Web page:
Literary Review

Struggles with writing and dance

Radhika Jha.

Radhika Jha.

Radhika Jha’s arresting debut Smell came out in 1999, the same year as Jhumpa Lahiri’s Interpreter of Maladies . Arundhati Roy’s Booker win had put a glow on Indian writing in English, and books by a new set of writers of Indian origin were being sought by a fast-growing reader base. Smell went on to be noticed for its intense narration and fluid prose and was translated into several languages. Over the next 15 years, Jha wrote two more novels and a collection of long short stories. Her latest book, My Beautiful Shadow , is a cautionary narrative on consumerism. Excerpts from an interview:

What do you remember about Smell, its publication and the feedback?

I never thought Smell would get published in so many countries and get so noticed. I didn’t feel like a writer because I didn’t think I had lived enough, experienced enough, suffered enough. And most important, I hadn’t endured. I didn’t like the sheer solitude writing imposes on you. When it came out, everyone kept asking me if it was autobiographical. No one believed that it was not an autobiography. That upset me a lot. Smell has my feelings about the world in it but the plot was entirely fictional. I felt angry at how it was being misread. But being able to escape into a story was so exciting that I wanted to try it again.

How do you decide where to place your story?

The locale comes with the idea of the story. I don’t really know if there is a conscious pattern. In the first case, Smell , I chose Paris because I wanted to talk about the feeling of being a foreigner. The only places I knew as a foreigner were Kenya and Paris. So I chose them. As for setting a story in Japan, I waited a year before beginning it. I was so nervous but the voice in my head was Japanese and I couldn’t escape it.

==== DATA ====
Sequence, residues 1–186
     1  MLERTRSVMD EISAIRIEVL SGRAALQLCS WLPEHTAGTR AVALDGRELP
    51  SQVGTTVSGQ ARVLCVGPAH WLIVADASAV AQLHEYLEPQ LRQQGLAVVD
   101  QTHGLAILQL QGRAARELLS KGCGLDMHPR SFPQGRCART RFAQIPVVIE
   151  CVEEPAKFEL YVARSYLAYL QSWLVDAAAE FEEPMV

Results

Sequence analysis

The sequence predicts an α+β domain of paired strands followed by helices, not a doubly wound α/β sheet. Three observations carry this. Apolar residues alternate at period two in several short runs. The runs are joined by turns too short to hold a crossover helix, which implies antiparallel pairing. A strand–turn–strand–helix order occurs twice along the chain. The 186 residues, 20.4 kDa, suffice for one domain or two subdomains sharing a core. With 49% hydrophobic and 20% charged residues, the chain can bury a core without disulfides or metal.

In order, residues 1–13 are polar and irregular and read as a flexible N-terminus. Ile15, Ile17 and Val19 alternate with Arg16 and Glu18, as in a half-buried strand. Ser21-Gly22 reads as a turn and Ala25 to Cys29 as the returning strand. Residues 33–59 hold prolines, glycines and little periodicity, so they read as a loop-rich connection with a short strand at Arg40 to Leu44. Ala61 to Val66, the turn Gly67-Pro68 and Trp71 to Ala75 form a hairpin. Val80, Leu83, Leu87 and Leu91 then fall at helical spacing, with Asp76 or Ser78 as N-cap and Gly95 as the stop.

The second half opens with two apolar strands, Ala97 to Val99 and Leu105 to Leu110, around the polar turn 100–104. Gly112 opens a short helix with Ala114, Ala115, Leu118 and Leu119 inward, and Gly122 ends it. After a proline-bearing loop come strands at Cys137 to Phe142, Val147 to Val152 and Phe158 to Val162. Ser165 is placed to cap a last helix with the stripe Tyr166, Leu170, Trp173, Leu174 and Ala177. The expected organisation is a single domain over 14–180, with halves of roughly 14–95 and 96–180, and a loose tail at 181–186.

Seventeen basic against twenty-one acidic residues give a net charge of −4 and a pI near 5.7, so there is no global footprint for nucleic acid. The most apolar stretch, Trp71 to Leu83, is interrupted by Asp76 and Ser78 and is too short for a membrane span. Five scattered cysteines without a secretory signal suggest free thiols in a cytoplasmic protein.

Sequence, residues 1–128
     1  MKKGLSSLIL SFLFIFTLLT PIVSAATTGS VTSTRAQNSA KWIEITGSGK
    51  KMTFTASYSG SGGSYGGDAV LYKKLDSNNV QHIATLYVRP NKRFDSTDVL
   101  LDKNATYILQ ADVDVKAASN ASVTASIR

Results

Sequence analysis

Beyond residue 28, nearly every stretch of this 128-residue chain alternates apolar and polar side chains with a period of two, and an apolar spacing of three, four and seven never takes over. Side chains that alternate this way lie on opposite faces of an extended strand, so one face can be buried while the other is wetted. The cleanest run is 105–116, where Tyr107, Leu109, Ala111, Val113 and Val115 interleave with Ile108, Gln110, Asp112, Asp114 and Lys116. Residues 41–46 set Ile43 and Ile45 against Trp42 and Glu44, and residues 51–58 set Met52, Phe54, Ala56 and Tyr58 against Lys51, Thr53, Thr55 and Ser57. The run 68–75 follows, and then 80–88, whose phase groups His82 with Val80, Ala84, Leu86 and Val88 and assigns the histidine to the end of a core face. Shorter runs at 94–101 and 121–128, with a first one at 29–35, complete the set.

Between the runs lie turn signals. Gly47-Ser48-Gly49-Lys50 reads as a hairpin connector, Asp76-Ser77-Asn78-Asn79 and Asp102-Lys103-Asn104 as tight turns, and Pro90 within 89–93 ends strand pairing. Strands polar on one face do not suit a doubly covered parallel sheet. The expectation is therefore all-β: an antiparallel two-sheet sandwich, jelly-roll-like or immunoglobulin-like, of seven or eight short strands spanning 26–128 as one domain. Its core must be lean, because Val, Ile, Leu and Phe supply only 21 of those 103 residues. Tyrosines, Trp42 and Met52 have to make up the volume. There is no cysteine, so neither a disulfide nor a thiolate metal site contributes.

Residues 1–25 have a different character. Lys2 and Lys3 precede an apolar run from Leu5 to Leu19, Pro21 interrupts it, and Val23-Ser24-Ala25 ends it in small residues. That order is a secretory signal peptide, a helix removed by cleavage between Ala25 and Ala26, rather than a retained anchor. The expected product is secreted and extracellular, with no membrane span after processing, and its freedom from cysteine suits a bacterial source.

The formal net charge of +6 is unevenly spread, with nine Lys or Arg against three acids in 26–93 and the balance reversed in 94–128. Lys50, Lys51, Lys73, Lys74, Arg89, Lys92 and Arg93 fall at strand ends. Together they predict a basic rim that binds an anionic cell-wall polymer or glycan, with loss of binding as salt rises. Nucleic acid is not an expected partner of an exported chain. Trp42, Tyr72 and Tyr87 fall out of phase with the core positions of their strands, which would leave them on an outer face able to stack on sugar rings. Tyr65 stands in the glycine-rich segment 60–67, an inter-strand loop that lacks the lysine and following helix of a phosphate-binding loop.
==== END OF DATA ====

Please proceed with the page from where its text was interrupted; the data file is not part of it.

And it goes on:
Where does the sensory element in your writing come from?

I am fond of cooking but this is something I grew fond of during and after I began to write Smell . I discovered the world of smell when I was in Paris, and the book took me deeper into it. The sensory writing came out of the subject, something that is animal, uncivilised and supremely civilised (food and perfume) at the same time.

How do you feel about translations of your work? Do you worry about their authenticity? Do you connect to the people who translate the work?

I have great respect for translators and love working with them. I would have liked to be one myself. I don’t think any translation can be exact. If the translation moves readers, then it works. I don’t care if it is inexact, provided it makes sense in the context of the story. I think of all the wonderful books I have read and the authors I have discovered — Russian, Japanese, Chinese, Egyptian, Brazilian — and I feel so grateful to their translators. India is so rich in great regional literature that I feel angry that the government does not do more by way of translation between languages. I speak Malayalam and Maithili but can’t read either so am cut off from both my maternal and paternal literary cultures. I dance Odissi and can understand Oriya but can’t read the wealth of poetry in that language. It is very frustrating.

With My Beautiful Shadow you have come back to the universal woman’s story. Did you have a reason for placing the novel in Tokyo, like it being your current place of residence?

In My Beautiful Shadow , I return to the theme of invisibility. As to why Japan, it’s because in Japan I met several women who shopped like crazy and for a while became obsessed myself. I saw the main character Kayo in a dream one night and yet it took me a year-and-a-half to decide to write about her. This is because I was scared.

You are also a trained dancer. How do you connect this with writing?

It is a struggle to do both dance and writing, but I try. Sometimes I dance more and write less and vice versa. Writing a book and choreographing a dance have a lot in common.

Both begin with an emotion, a rasa in fact, which I try to give a form to through dance or through words.

What have you read and enjoyed recently?

An Atlas of Impossible Longing by Anuradha Roy and Manu Joseph’s Serious Men . I was very moved by both.

Is another book in the green room?

Yes. Two, actually.

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Printable version | May 18, 2022 12:47:03 pm |